Indie comics mainstay Top Shelf, publisher of such critically acclaimed books as BLANKETS, FROM HELL, BOX OFFICE POISON, and LEAGUE OF EXTRAORDINARY GENTLEMEN, has gained a new minority owner, more funding and a first look deal via a partnership with new media entrepreneur John S. Johnson, and independent film producer Anthony Bregman. Although on the face of it, it tends to back up the fact that just publishing good graphic novels is not a big money making enterprise in this day and age, it ‘s pretty clear that teaming up makes good business sense in this day and age. Founders Chris Staros and Brett Warnock will remain in charge of the company.

PR below:

Johnson, and Likely Story, Bregman’s film production company, have purchased a 33% interest in Top Shelf Productions, Inc. Johnson will join the board of Top Shelf, and Likely Story will get a first-look deal for all new Top Shelf publications for possible film and TV development.

This deal represents a supportive investment in the company; one that leaves Chris Staros and Brett Warnock as majority stockholders (and firmly in control of the company), but also brings to bear the resources, skills and connections of John and Anthony in helping the company expand and grow over time.

The first project slated for development by Likely Story is Alex Robinson’s critically acclaimed “Too Cool to Be Forgotten,” named one of’s Top Ten Graphic Novels of the Year and considered his best work to date.

“Too Cool To Be Forgotten” tells the story of a 40-something father of two who undergoes hypnosis therapy to quit smoking, only to transport back to 1985 and his formative years as a gangly, awkward teenager. Forced to live through his high school years with all the knowledge of his later life; uncertain whether he is destined to relive the mistakes of his past or if he has been given a second chance to get things right.

Publisher Chris Staros elaborates on the history of the deal:

“I’ve personally been friends with producer Anthony Bregman for over five years, and have looked up to him as a mentor and advisor over those many years. Every time we’d meet in New York or talk on the phone — despite the ‘two zeros’ difference in our budgets and revenues — we recognized the fact that we were kindred spirits, shepherding projects to the world that we simply believed in. Top Shelf and Likely Story [Bregman’s production company] both put art before commerce, but also celebrate those magical moments when art meets commerce, and a project that was built from the ground up becomes a success.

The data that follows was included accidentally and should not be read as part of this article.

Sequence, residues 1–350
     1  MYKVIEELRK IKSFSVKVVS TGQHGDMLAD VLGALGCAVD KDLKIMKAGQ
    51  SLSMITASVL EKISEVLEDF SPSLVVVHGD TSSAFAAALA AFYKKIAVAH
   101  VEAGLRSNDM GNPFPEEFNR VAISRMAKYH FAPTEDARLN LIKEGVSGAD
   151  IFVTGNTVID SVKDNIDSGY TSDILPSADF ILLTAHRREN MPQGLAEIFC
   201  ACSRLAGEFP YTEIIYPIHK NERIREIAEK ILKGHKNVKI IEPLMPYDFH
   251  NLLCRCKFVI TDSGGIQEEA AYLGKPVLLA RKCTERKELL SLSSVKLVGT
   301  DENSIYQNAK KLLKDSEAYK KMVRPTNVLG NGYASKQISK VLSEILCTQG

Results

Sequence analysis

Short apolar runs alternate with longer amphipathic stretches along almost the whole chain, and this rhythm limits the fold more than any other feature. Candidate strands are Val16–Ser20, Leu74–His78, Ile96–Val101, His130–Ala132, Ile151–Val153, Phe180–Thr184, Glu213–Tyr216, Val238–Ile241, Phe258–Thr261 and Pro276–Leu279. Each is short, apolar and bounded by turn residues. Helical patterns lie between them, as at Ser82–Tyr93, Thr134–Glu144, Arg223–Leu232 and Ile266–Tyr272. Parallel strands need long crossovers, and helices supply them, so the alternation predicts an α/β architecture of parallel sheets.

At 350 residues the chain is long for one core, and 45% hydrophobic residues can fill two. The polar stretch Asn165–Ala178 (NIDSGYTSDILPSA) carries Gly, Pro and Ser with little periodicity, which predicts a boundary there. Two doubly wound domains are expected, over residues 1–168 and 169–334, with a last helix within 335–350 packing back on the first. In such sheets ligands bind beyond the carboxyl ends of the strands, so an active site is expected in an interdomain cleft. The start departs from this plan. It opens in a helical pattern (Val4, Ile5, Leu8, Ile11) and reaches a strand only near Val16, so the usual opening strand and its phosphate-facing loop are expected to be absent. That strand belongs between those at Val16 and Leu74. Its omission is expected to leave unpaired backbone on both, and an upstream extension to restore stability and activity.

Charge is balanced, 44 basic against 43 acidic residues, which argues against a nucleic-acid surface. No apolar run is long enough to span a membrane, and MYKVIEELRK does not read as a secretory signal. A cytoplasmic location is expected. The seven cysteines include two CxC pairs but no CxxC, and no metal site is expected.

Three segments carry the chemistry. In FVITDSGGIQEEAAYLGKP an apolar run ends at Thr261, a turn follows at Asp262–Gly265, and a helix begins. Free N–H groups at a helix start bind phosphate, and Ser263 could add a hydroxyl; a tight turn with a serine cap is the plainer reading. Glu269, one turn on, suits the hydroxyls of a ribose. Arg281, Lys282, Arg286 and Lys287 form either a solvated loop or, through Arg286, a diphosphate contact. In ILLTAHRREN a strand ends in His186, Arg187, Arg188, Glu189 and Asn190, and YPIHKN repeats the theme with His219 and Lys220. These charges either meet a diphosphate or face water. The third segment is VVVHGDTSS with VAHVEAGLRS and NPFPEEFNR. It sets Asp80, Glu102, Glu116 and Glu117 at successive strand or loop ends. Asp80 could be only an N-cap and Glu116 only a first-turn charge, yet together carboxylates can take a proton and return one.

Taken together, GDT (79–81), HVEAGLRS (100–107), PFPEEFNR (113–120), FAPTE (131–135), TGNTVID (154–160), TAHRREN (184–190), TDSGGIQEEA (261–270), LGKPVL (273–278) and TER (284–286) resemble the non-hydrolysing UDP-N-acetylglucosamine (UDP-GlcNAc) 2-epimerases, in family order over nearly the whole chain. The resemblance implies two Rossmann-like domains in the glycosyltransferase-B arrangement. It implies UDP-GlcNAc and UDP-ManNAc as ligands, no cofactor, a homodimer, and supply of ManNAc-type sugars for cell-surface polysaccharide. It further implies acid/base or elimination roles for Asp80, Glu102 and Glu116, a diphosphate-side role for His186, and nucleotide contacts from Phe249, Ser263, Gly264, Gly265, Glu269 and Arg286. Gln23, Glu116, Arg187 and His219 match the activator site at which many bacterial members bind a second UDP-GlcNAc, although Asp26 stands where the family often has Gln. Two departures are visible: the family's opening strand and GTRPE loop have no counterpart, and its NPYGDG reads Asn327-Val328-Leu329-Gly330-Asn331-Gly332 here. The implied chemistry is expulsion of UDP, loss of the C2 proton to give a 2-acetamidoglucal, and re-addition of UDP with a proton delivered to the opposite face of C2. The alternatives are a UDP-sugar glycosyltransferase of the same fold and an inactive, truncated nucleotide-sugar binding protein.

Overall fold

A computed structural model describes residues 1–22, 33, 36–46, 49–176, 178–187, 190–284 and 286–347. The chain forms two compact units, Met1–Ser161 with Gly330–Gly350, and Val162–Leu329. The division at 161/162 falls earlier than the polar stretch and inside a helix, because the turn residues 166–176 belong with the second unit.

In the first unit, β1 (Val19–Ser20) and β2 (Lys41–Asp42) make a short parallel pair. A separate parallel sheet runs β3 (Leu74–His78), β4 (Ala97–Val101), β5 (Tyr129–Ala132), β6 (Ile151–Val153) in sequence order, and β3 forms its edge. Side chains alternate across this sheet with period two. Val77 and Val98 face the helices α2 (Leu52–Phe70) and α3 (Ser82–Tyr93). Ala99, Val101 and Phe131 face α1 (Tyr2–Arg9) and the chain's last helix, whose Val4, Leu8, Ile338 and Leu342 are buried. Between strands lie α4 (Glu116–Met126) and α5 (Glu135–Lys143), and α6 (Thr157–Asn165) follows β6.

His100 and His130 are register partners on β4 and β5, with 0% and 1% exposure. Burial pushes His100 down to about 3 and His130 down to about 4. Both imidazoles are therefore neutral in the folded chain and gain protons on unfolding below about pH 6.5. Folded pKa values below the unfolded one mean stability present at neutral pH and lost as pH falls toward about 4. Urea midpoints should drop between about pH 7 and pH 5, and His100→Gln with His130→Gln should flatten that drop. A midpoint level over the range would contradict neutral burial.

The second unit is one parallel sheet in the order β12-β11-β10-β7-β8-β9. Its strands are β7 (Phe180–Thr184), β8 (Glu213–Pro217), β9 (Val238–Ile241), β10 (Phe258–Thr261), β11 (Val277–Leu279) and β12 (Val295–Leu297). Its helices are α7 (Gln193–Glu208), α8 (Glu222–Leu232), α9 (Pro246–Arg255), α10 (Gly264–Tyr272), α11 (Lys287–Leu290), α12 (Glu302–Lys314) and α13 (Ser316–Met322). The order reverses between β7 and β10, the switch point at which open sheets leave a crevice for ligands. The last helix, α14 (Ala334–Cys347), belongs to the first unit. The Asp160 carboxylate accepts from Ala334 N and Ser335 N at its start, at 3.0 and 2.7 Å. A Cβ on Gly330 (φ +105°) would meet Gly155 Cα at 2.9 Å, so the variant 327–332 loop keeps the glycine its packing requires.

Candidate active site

“Two years ago, I casually mentioned that while I loved every aspect of running Top Shelf, Brett and I were starting to get worn out with being the ‘personal banks’ for the company, and by the stress that this brought during the rocky periods that publishing undergoes. Coincidentally, at that time, John S. Johnson, a long-time friend of Anthony’s (and big fan of literary graphic novels) mentioned to him that he was toying with the idea of graphic novel publishing, to possibly make it a part of his other new media interests. Anthony suggested we all meet, and over the last couple of years, our mutual friendship, common interests and goals, and respect for each other developed to the point that we decided to work together as partners in the future of Top Shelf.

“Behind the scenes, Top Shelf has been presented with several investment proposals over the years, but most of them were either proposals to buy out the company, purchase a controlling interest, or use the name of the company to do something different than what we had built our reputation on. What we really wanted, and what we have now, are people who believe in what we do and want to help it grow without changing what we are doing. The deal that is in place now leaves Brett and me firmly in control of the company, and simply adds the capital, resources, and connections for new media and film that John and Anthony bring to the table.

“As a result, Anthony Bregman will get a first-look at all new Top Shelf publications for possible development in Hollywood, and John S. Johnson, as the primary financier of the deal, will become a member of the Board of Directors (along with Brett and I), and the key link to all the online and other new media applications for the Top Shelf line.”

# # #

TOP SHELF PRODUCTIONS is the literary graphic novel and comics publisher best known for its ability to discover and showcase the vanguard of the comics scene. Founded by Co-Publisher Brett Warnock in 1995, and partnered by Co-Publisher Chris Staros in 1997, Top Shelf has produced over two hundred graphic novels and comics that have helped to revitalize interest in comics as a literary art form. Most notably, Alan Moore’s FROM HELL, LOST GIRLS, and THE LEAGUE OF EXTRAORDINARY GENTLEMEN; Craig Thompson’s BLANKETS; Andy Runton’s OWLY; Robert Venditti & Brett Weldele’s THE SURROGATES, Jeff Lemire’s ESSEX COUNTY, and Jeffrey Brown’s CLUMSY & UNLIKELY, all of which have garnered critical accolades from the likes of Time Magazine, USA Today, Entertainment Weekly, People Magazine, Publishers Weekly, The New Yorker, and the New York Times Book Review.